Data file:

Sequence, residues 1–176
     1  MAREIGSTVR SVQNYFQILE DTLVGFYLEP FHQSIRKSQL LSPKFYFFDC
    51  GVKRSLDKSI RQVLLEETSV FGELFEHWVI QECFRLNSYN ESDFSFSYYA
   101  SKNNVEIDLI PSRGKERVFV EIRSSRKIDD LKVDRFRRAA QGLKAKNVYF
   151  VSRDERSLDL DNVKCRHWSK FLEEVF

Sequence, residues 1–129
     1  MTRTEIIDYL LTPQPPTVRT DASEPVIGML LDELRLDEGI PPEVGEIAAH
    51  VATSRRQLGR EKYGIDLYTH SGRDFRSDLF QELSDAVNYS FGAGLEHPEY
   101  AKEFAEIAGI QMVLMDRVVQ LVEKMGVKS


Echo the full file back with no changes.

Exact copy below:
Sequence, residues 1–176
     1  MAREIGSTVR SVQNYFQILE DTLVGFYLEP FHQSIRKSQL LSPKFYFFDC
    51  GVKRSLDKSI RQVLLEETSV FGELFEHWVI QECFRLNSYN ESDFSFSYYA
   101  SKNNVEIDLI PSRGKERVFV EIRSSRKIDD LKVDRFRRAA QGLKAKNVYF
   151  VSRDERSLDL DNVKCRHWSK FLEEVF

Sequence, residues 1–129
     1  MTRTEIIDYL LTPQPPTVRT DASEPVIGML LDELRLDEGI PPEVGEIAAH
    51  VATSRRQLGR EKYGIDLYTH SGRDFRSDLF QELSDAVNYS FGAGLEHPEY
   101  AKEFAEIAGI QMVLMDRVVQ LVEKMGVKS